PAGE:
FIG. 2 is an exemplary representation of a TEMC's data base 200 which is used to store authorization codes for selectively controlling access to data bus blocks in each IDCU of each switch sold by the TEMC. Table 202 is a representation of the type of data stored in database 200. Table 202 includes: SM identifier column 204; IDCU identifier column 206; and authorization code column 208. SM identifier column 204 comprises a list of all switch modules contained in all switches sold by the TEMC. In this example, column 204 is populated with switch modules identified as S-100 SM 110, SM 130 through S-1000 SM "NNN" representing switch modules 118 through 130 of switch 100 and switch modules in other switches through switch 1000 switch module "NNN". Column 206 comprises a list of all IDCUs contained in all switches sold by the TEMC. In this example, column 206 is populated with IDCUs identified as IDCU 119, IDCU 123 through IDCU "ZZZ". Authorization code column 208 is divided into three sections corresponding to the unique authorization codes required for the various call handling capacity upgrade options. In this embodiment, column 208 is populated with authorization codes for the T1, T2 and D options for each IDCU of each switch sold by the TEMC. For example, an upgrade of IDCU 119 so that it has maximum data bus capacity (i.e. the "Deluxe" option) requires entry of the authorization code "000" into switch 100. While a simple three digit authorization code is shown for clarity, operational embodiments may utilize complex codes or encryption techniques to prevent fraudulent call handling capacity upgrades.
FIG. 3 is a flow diagram of the steps required to selectively authorize upgrades to call handling capacity options of a TEMC switch, such as switch 100. Assume that the SC who owns switch 100 wants to increase the switch call handling capacity of IDCU 119 from the "Basic" data bus access option to the "Tier 1" data bus access option. Accordingly, an SC representative contacts a TEMC representative to arrange the upgrade. The process begins in step 300 when the TEMC representative receives a request from the SC representative to upgrade the call handling capacity of IDCU 119.
The process continues to step 302 in which the TEMC representative queries the SC representative for switch-related data. In the preferred embodiment, switch-related data comprises identifiers of the switch module(s) and IDCU(s) for which an upgrade is desired. The SC representative must also identify the requested option (e.g. T1, T2 or D). In step 304, the TEMC representative accesses a database by using the switch-related data provided by the SC representative. In this example, the TEMC representative accesses database 200 using SM identifier 110 and IDCU identifier 119 provided by the SC representative so that the data bus access option may be upgraded from "Basic" to "T1".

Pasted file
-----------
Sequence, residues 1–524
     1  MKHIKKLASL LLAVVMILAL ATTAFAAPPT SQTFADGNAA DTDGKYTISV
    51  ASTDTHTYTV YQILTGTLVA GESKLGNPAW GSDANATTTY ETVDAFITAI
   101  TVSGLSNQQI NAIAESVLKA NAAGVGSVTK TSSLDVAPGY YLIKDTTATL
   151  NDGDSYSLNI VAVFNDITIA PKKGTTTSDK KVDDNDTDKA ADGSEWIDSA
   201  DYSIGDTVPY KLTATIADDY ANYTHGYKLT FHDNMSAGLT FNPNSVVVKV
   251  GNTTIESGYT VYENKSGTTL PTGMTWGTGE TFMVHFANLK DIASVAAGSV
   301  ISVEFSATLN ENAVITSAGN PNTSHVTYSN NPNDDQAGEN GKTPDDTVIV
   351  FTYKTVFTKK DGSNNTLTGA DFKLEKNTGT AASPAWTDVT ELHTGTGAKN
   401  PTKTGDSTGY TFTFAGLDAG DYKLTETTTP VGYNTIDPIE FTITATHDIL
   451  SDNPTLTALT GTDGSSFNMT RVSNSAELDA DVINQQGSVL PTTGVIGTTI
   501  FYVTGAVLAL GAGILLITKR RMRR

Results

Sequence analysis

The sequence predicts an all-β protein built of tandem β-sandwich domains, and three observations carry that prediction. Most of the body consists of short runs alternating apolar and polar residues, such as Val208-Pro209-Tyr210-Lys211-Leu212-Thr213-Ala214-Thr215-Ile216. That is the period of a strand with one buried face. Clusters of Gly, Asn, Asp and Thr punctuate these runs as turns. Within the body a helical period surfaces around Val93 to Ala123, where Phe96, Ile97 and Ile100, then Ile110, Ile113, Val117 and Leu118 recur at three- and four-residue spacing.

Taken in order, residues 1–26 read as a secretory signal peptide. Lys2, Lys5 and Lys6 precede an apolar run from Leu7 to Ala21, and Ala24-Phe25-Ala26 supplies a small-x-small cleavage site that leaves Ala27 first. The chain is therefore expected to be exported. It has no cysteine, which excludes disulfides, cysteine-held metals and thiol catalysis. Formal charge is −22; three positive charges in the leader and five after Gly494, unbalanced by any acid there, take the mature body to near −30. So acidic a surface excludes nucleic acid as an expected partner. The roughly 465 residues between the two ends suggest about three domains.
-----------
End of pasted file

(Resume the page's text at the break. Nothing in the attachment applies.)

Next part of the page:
In decision step 306, the TEMC representative determines whether SM and IDCU identifiers provided by the SC representative match data contained in the TEMC database. If the outcome of decision 306 is a "NO" determination, the process continues to step 308 in which the TEMC representative reports a failure to the SC representative, and indicates that the call handling capacity upgrade cannot be accomplished with the information provided. If the outcome of decision step 306 is a "YES" determination, however, the process continues to step 310 in which the TEMC representative establishes a billing record for the requested upgrade option. In this example, the TEMC representative establishes a record so that the SC can be billed for an upgrade from the "Basic" call handling capacity option to the "Tier 1" call handling capacity option for IDCU 119. In step 312, the TEMC representative issues an authorization code retrieved from the TEMC database to the SC representative. The process continues to step 314 in which the SC representative enters the authorization code retrieved from the TEMC into the switch. Once the authorization code is entered, the USP is automatically converted to allow access to data bus block 119-2 (i.e. data bus block associated with the T1 option) as well as data bus block 119-1. In alternative embodiments, the authorization code may be provided by external sources other than the TEMC.
While the invention has been described in accordance to the preferred embodiment, other variations or modifications may be devised by those skilled in the art without departing from the scope of the invention.